Unclaimed Life Insurance and How to Find Its Policies

The United States has a large number of unclaimed life insurance benefits. In fact, there may be over $1 billion of unclaimed life insurance money, according to experts in the treasury department. How is this possible? Turns out, many people purchase life insurance policies, but they don’t tell their beneficiaries.

Maybe they don’t want to talk about money, or maybe they just don’t want to bring up their death, but unfortunately, they never get around to telling their loved ones about the policies. When a policyholder dies, the beneficiary may not even have a clue that a policy actually exists. Legally, an insurance company is not obligated to pay on a life insurance policy until the beneficiary makes a claim. But this will never happen if the beneficiary knows nothing about the policy. Some insurance companies attempt to track down beneficiaries, and some states require them to use the social security numbers of deceased policyholders to locate beneficiaries.

Even if they try, though, it is not always possible to locate the beneficiaries. It is illegal for insurance companies to keep unclaimed life insurance funds., so when insurance companies are not able to find the rightful owners, the unclaimed funds are turned over to the state. When this happens, it is called escheatment. Once the insurance agency forwards these funds to the state, each state creates a database where people can search for unclaimed funds via the policyholder’s personal information.

Ways to Find Unclaimed Life Insurance Policies

How can you find an unclaimed life insurance policy? You will need a few important items of information such as the name, maiden name, social security number, the state where the policy was bought, a copy of the death certificate, and possibly the name of the insurance company. The following are just a few ways to get the information that you need, or at least to get you started:

  • Websites: There are various websites such as missingmoney.com or vitalcheck.com where you can enter a name and location to see if there are unclaimed policies or money on file for a deceased person. If a match is found, you willl be required to submit a claim to prove that you are the legitimate beneficiary of the life insurance policy.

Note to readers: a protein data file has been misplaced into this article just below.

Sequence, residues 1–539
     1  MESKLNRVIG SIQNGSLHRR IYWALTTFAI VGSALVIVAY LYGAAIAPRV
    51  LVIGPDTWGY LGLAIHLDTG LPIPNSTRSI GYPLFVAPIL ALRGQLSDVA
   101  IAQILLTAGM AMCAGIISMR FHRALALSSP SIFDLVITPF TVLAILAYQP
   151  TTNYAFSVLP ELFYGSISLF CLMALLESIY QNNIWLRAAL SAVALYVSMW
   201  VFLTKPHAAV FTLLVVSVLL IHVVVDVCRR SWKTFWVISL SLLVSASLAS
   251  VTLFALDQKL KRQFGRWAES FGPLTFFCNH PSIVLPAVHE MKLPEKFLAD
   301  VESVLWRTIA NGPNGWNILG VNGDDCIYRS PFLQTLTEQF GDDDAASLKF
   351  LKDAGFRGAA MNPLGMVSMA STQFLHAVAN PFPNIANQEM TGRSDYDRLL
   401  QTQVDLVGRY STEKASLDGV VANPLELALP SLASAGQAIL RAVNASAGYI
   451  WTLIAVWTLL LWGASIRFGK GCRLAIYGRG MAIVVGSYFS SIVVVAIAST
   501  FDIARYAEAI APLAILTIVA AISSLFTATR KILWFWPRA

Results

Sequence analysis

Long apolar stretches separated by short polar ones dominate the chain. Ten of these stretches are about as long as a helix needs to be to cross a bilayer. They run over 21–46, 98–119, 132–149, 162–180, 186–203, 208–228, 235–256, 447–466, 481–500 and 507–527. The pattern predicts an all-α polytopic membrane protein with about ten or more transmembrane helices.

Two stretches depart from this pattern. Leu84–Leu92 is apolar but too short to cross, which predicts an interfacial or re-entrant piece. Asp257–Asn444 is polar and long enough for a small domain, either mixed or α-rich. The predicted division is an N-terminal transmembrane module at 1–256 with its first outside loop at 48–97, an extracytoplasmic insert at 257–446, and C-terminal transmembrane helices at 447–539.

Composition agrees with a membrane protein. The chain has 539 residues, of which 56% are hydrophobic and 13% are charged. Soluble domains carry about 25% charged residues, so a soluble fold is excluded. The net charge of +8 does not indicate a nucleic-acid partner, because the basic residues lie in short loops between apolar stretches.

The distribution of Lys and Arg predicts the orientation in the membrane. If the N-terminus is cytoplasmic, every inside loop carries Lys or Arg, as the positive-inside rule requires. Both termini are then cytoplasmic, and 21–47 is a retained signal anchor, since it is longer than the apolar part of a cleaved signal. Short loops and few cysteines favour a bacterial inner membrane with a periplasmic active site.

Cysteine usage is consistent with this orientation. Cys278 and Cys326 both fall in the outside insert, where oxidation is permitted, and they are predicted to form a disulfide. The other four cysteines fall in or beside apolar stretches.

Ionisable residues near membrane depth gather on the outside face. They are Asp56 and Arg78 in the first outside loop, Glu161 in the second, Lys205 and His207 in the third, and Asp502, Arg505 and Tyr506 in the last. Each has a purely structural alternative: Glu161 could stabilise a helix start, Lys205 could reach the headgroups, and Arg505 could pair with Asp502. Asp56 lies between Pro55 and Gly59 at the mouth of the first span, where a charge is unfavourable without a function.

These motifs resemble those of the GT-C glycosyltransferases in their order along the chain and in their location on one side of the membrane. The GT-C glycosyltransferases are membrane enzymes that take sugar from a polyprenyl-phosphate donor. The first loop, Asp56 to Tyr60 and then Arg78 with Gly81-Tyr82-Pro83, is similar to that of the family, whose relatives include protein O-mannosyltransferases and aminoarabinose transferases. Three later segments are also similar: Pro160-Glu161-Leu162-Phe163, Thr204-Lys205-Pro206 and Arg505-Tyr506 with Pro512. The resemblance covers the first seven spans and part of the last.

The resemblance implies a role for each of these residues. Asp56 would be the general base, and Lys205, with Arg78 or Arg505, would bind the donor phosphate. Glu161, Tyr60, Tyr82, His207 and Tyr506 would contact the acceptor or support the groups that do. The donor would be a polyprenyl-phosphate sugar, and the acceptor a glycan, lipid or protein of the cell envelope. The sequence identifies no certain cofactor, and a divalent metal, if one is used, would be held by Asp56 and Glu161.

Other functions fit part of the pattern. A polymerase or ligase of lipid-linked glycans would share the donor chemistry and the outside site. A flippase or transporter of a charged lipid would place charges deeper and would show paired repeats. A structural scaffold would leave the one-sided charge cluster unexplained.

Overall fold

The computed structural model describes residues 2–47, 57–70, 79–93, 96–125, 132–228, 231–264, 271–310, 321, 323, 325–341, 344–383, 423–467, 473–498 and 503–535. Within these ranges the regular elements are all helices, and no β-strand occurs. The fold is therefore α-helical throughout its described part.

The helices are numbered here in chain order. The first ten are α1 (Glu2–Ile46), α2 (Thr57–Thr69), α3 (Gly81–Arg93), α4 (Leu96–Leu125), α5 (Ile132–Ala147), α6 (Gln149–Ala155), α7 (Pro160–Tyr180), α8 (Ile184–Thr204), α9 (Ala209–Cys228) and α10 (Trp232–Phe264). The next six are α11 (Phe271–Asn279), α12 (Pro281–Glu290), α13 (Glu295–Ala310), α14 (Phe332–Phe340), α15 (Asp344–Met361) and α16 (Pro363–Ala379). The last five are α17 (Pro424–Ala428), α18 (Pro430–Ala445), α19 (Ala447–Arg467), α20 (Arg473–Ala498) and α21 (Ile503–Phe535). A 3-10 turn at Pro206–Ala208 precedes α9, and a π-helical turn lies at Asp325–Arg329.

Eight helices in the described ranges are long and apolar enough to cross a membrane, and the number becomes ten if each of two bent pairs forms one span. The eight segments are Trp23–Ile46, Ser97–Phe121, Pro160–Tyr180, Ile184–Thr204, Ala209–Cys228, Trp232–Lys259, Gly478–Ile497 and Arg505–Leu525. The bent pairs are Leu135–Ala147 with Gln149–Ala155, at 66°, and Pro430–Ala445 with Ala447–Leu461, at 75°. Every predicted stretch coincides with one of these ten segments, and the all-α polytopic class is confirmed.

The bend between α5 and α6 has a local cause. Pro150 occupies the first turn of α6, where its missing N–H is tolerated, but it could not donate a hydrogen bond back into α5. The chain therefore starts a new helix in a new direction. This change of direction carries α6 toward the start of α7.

• Go Directly to the Insurance Company: Ask the insurance company if your loved one had an active life insurance policy with the company. However, understand that an insurance company will not release information unless you are a legal beneficiary, which you must prove by filling out a claim form.
  • Question the Deceased’s Employer: If your loved one had an active policy through his employer, then you might be eligible for a payout.
  • Track Down the Information on Your Own: Do your own research if you are sure that your loved had a life insurance policy. You can find this information by looking for insurance bills, credit card statements bank statements, tax forms, cancelled checks, and postal mail. Basically, you are looking for any evidence that proves that your loved one was making premium payments to an insurance company.

Additional Information to Consider

You may have noticed that there are a lot of steps and pages of paperwork to fill out to start the process. Here are just a few more tips to keep in mind:

  • Scammers are out there, and they want to take advantage of your loss. Insurance companies and state agencies will never charge a fee to find the information that you need about an unclaimed policy. This should be a warning sign!
  • If an insurance company says that a policy does not exist for your loved one, don’t give up hope. The funds might have already been paid to another beneficiary or released to the state.
  • Make sure you’re searching the right state. Did your loved one move right before they passed away? The policy could be in their previous state of residence.
  • Double check your search information. It’s possible you knew your Great-Uncle George your whole life without knowing that George was really his middle name. If you’ve hit a roadblock, ask the rest of your family for verification.

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